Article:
"the parts he disliked he would alter, and the parts he didn't dislike he'd leave"

remain to be used or dealt with:
"we've even got one of the plum puddings left over from last year"

go away from a place without taking (someone or something):
"we had not left any of our belongings behind"
synonyms:
leave behind, forget, lose, mislay

abandon (a spouse or partner):
"her boyfriend left her for another woman"
synonyms:

Word Origin
Old English lǣfan ‘bequeath,’ also ‘allow to remain, leave in place,’ of Germanic origin; related to German bleiben ‘remain.’


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 Post subject: Yo!
PostPosted: 15 Feb 2017 9:26 am 
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Short version in a nutshell :lol:


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PostPosted: 15 Feb 2017 9:29 am 
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8)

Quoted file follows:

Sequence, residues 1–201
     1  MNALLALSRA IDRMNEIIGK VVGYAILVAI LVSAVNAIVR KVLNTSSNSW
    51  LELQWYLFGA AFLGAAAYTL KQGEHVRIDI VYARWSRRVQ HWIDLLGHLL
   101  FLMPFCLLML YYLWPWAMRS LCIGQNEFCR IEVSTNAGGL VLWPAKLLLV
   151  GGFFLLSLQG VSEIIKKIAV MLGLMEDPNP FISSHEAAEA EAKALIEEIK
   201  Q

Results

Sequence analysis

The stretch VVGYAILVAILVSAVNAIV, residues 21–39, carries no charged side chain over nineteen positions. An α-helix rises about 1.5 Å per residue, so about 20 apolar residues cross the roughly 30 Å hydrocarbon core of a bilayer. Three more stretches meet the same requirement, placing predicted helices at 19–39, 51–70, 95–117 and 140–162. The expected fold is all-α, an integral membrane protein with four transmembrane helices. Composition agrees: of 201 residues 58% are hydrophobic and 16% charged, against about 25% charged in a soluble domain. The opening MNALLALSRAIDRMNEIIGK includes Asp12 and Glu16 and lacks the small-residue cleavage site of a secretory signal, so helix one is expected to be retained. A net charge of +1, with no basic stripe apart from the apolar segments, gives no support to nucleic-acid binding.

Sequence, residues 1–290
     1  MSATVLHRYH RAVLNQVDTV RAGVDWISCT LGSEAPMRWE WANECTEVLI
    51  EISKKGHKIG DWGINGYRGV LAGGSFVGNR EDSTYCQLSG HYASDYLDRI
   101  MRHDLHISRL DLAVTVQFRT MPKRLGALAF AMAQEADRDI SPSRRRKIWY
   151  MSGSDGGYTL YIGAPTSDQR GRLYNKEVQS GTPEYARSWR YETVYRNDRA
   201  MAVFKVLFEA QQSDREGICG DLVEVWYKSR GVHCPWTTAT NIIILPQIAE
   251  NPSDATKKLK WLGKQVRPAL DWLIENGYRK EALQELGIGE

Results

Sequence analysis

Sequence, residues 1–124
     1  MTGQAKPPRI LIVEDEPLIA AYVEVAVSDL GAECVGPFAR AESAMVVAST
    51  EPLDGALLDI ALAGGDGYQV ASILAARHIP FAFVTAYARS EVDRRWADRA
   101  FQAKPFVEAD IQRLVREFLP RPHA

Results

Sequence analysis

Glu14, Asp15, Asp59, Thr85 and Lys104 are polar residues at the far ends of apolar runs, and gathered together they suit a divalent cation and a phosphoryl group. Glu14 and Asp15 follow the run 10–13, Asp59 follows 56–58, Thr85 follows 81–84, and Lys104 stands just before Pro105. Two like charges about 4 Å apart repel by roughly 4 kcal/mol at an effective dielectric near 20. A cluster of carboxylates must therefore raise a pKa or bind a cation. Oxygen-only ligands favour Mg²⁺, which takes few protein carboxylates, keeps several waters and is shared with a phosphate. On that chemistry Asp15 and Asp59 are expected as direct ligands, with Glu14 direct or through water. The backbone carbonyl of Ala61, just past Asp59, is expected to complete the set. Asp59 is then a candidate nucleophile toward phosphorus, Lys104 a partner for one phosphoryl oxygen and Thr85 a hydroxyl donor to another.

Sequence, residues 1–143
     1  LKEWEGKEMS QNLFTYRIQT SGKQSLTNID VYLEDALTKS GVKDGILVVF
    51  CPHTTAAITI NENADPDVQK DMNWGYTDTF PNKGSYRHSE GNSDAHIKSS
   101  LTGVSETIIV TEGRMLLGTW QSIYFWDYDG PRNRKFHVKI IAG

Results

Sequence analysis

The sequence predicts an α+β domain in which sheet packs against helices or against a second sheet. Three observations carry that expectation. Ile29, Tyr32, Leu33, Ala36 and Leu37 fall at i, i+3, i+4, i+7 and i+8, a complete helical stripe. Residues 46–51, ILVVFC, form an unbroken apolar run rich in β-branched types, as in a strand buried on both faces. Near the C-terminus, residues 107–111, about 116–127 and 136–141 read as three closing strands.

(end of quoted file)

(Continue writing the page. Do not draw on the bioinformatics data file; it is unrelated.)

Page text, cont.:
You know me, i waffle alot lol


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 Post subject: Re: Yeah!
PostPosted: 15 Feb 2017 10:42 am 
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Sheila wrote:
Wombat wrote:


I missed this addition that you edited into your post Wombat.
What a great wee video.


Did I see the "earlier model" though? That's what has me focussed.


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PostPosted: 15 Feb 2017 3:20 pm 
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Sheila wrote:
Sorry dude, I don't understand the question could you re-phrase that ?

There's a big difference between leaving and crossing over something.


Well I was leaving the Forth Bridge when I crossed over it.

Just as an astronomical object would be leaving the Rose Line after crossing over it at the Meridian marker at Bains Doux just north of Rennes les Bains.

Wonder where

The FEAST OF THE TRANSFIGURATION comes into this.

Image

here's the Sun Crossing the AXE HISTORIQUE on the Feast of the Transfiguration